As you will quickly learn, I do not get to the theater often. My town doesn’t even have a movie theater… anymore. The city elected to destroy our double screen complex that offered $2 matinees in the hopes of attracting the business of an offensive and over priced multiplex. The major flaw of this plan is obvious: the city didn’t secure the business of the offensively large and over priced multiplex before destroying our theater. The 20 screen picture show never came. Now local movie goers have to travel at least 30minutes to find a cinematically perfected popcorn. I normally decide against movies when I’m free of my mothering duties in exchange for a date with my husband (as in open conversation, not sitting peacefully, starring at giant boob-tube). Basically, I wait until it comes out on DVD or is making the circles on the various movie networks.
Today’s viewing pleasure: The Mistress of Spices (2005), staring the beautiful Aishwarya Rai, brought to me by Showtime. Rai plays an Indian-born immigrant living in San Francisco. She owns and operates a spice shop based on the traditions that she was taught as a girl. The spices seem to enhance the her clairvoyant powers as well. One day, she meets the handsome Dylan McDermott. The spices become jealous, causing a series of unfortunate events – all relating to her customers. She vows to give up her own lustful fantasies if the spices return. In the end, she makes peace with her traditional ways and is free to search for her own happiness (McDermott).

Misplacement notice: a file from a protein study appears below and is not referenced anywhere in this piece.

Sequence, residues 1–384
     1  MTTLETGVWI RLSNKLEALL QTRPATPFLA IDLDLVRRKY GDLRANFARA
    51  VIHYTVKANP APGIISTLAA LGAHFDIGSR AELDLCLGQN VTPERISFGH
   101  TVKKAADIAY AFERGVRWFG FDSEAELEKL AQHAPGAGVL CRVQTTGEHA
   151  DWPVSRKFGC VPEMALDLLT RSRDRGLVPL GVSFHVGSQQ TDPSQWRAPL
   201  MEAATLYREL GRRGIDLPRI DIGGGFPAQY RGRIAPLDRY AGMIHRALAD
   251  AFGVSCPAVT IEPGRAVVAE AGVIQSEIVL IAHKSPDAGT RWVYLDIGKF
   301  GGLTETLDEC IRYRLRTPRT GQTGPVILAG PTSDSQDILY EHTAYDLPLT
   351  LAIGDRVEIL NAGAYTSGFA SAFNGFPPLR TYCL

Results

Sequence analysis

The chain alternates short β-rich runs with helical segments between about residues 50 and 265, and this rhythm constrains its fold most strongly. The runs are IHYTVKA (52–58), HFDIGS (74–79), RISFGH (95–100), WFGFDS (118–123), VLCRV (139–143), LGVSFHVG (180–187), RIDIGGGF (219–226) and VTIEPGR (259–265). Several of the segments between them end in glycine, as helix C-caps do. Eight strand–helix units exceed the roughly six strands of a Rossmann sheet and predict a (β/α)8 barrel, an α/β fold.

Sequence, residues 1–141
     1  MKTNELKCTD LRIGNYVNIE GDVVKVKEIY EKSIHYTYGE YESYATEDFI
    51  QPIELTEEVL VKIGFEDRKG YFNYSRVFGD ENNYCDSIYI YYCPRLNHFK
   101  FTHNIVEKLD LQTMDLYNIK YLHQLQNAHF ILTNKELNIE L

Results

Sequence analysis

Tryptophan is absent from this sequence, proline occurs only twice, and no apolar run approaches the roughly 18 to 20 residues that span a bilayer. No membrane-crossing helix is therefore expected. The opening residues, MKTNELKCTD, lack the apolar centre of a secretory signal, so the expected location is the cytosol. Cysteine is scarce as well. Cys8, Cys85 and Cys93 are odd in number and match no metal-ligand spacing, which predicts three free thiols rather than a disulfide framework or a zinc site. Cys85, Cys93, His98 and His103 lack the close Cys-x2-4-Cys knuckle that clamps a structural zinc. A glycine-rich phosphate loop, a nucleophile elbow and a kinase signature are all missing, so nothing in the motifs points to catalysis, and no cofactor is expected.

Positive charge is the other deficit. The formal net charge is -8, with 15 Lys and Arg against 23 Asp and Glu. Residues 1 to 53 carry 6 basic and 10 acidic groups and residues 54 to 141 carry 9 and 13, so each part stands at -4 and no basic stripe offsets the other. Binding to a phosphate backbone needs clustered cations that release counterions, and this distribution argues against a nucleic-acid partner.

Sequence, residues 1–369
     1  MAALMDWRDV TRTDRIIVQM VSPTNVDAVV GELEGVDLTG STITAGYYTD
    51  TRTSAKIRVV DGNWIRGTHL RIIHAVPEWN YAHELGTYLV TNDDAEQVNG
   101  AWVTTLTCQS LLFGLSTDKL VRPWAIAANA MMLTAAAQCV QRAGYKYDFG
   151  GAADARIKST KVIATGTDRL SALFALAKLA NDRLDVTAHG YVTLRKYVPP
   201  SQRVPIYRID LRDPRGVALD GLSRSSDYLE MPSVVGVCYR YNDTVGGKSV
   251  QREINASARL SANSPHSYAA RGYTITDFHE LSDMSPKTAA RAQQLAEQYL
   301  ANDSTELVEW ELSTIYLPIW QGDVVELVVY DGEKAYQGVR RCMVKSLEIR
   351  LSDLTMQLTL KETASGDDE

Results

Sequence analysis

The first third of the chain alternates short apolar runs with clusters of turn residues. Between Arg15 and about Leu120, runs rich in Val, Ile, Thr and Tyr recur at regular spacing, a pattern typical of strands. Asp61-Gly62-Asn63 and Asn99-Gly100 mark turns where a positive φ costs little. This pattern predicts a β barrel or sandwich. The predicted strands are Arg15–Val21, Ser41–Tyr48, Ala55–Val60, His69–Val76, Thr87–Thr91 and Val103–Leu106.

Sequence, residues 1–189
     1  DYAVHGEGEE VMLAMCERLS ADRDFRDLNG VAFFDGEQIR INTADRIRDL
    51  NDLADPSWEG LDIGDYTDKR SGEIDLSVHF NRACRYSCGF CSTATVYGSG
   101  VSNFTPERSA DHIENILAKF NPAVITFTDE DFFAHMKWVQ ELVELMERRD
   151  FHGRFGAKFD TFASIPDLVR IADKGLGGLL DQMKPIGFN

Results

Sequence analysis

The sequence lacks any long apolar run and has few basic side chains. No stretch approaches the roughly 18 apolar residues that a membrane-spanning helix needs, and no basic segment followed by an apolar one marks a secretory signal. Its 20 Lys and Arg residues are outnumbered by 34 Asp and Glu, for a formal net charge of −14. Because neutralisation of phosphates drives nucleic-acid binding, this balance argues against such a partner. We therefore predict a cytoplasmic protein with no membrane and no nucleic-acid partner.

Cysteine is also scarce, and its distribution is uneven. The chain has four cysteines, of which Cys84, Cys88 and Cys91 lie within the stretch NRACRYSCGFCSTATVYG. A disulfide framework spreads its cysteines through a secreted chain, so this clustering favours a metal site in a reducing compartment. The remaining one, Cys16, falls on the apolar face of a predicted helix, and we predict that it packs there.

The movie is beautifully constructed – eye-appealing and imaginative (though I haven’t read the book, so cannot comment on how accurately they parallel). The downside is that it is predictable. With all culture clashes that meet the strange Shakespearean love story, love wins. What kept me watching: my interest in the Indian culture and Rai’s ghostly eyes. Seriously, if it weren’t for her alluring eyes, it is possible that my attention would have been lost. Her eyes are the perfect complementary color for the setting.
Should everyone see it? Definitely.
Should everyone own a copy? If you saw it in theaters or happened upon it like myself, then there is no need to get the movie. If you haven’t, then pick up a copy.
But is it one that I will stop and watch every time it is on TV? No.